The Archdiocese of Milwaukee’s creditors have filed motions asking the federal judge in the church’s bankruptcy case to set aside a key ruling and recuse himself from the case over a potential conflict of interest.
U.S. District Judge Rudolph T. Randa ruled in late July that forcing the archdiocese to tap the $50 million-plus it holds in a trust for the perpetual care of cemeteries would substantially burden its free expression of religion under the First Amendment and a 1993 federal law aimed at protecting religious liberty.
Then Aug. 2, lawyers representing the archdiocese’s creditors — primarily sex abuse victims — asked U.S. Bankruptcy Judge Susan V. Kelley to compel the release of any records showing whether Randa and his wife, Melinda, have purchased any plots or crypts in one of the archdiocese’s cemeteries, or whether they have any interest as heirs or beneficiaries of several relatives known to be buried in them.
In motions filed Monday — one to set aside the ruling and the other asking Randa to recuse himself — the creditors said they “discovered that at least nine of Judge Randa’s relatives (including his mother, his father and his wife’s parents) are buried in cemeteries owned and operated by” the archdiocese.
“This fact alone creates the appearance of partiality,” the motion states. They add that Randa, by purchasing burial rights, entered into a contract with the archdiocese, further supporting the call for him to step down from the case.
“Judge Randa should have disqualified himself from presiding over any aspect of this adversary proceeding. Yet, he did not do so,” the motion reads. ” Nor did he disclose the facts to the parties at any time during the case.”
After the Aug. 2 motion, Timothy Nixon, an attorney for the cemetery trust and its sole trustee, Milwaukee Archbishop Jerome Listecki, called such claims desperate and an “attack on a federal judge.”
Both sides have called the developments unusual — and possibly the first time a judge has been asked to recuse himself in the several Catholic Church bankruptcies around the country.
The creditors again dispute Randa’s conclusion. “The District Court essentially held that the Cemetery Trust is not subject to the fraudulent conveyance laws because it is religious. Under the District Court’s ruling, a debtor can fraudulently convey funds to a trust and avoid its obligations to its creditors because of its religious status. No other court has ever reached such a conclusion,” the motion reads.
The cemetery decision was a key victory for the archdiocese, because it eliminated one of the last major assets available for a settlement with sex abuse victims who filed claims in the bankruptcy. If it stands, the ruling could have far-reaching implications for other religious institutions considering bankruptcy.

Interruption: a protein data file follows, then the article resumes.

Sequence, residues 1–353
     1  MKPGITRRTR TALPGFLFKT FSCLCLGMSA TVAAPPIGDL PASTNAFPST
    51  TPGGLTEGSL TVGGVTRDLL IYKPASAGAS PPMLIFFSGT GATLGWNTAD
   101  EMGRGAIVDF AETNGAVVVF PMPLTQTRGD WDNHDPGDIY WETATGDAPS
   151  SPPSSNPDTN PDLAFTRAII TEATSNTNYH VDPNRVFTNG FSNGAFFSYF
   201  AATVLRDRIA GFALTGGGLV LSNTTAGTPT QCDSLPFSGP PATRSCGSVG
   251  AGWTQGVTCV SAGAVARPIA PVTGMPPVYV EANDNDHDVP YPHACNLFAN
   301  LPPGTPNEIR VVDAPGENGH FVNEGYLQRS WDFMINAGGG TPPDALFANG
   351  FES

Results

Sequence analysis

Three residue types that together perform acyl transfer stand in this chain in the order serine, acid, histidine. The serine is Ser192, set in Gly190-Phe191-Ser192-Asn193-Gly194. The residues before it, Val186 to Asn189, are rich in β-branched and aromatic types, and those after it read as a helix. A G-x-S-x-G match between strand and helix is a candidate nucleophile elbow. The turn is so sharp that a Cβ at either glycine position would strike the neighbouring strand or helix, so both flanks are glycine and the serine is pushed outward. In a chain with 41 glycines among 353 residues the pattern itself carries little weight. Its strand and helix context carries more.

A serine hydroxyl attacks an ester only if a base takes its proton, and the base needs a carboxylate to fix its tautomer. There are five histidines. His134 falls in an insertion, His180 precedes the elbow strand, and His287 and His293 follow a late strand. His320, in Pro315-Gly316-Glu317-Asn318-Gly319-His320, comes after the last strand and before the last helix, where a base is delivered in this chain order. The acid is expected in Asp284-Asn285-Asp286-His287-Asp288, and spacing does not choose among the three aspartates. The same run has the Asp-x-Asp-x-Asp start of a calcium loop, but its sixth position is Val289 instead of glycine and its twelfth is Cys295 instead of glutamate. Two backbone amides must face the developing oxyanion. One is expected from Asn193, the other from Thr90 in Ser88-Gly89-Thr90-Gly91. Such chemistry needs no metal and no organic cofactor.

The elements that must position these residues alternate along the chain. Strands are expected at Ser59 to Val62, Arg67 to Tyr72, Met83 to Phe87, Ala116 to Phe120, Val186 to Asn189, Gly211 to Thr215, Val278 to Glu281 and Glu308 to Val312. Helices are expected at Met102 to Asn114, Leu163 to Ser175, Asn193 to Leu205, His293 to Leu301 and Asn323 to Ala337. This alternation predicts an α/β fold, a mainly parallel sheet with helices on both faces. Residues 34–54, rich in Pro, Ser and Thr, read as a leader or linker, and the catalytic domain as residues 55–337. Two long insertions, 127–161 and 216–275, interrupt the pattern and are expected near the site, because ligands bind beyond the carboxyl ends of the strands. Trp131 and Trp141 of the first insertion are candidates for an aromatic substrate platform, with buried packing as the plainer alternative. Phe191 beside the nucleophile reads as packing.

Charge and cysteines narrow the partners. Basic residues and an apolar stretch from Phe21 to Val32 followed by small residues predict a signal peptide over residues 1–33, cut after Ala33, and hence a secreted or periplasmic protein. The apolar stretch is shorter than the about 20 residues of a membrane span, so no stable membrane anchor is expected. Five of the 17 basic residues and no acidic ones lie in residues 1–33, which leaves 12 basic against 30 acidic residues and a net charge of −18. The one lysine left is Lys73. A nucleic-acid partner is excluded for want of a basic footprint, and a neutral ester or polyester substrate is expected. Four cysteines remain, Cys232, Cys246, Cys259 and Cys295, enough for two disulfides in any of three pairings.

Before Randa’s ruling, Kelley had found that the First Amendment did not protect the cemeteries trust fund.
The creditors’ committee makes clear that it does not seek Randa’s ouster because he is Catholic, noting that several other judges in other Catholic diocese bankruptcies, as well as Kelley in Milwaukee, are Catholic, and none has ever been accused of a potential conflict of interest or been subject to recusal requests despite rulings adverse to creditors.
Randa was in court Wednesday morning and a message seeking comment was left with his staff.
Exactly what the cemetery trust covers and doesn’t cover is unclear, at least to abuse survivors, said Father James Connell, a Sheboygan priest and former vice chancellor of the Archdiocese of Milwaukee, who has become a vocal advocate for those abused by priests.
During remarks Tuesday at the Milwaukee Press Club’s Newsmaker Luncheon, Connell said the diocese says it operates eight cemeteries, all in Milwaukee County.
Catholic cemeteries in surrounding counties — also within the Archdiocese of Milwaukee — are not covered by the cemetery trust, Connell said.
While the diocese says the trust is intended to fund perpetual care of the eight cemeteries in Milwaukee County, “we don’t have a perpetual care agreement in Sheboygan,” Connell said. “They got rid of them.”
“The trust fund says nothing about perpetual care,” Connell said. “All of that needs to be studied. What is and isn’t covered has to be better defined.”
If the church can fulfill its moral responsibility to care for the eight cemeteries with a portion of the cemetery trust, the rest of the money “should go for common good,” Connell said, referring to victims of clergy sexual abuse.